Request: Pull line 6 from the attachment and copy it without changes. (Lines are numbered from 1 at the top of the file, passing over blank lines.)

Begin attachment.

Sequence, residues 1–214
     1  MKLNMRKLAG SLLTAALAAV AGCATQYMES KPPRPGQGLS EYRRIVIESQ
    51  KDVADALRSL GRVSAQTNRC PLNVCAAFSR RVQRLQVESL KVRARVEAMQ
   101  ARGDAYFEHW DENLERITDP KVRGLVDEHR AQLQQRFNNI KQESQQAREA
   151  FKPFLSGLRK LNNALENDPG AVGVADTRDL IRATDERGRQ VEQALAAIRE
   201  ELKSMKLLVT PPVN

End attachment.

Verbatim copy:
   201  ELKSMKLLVT PPVN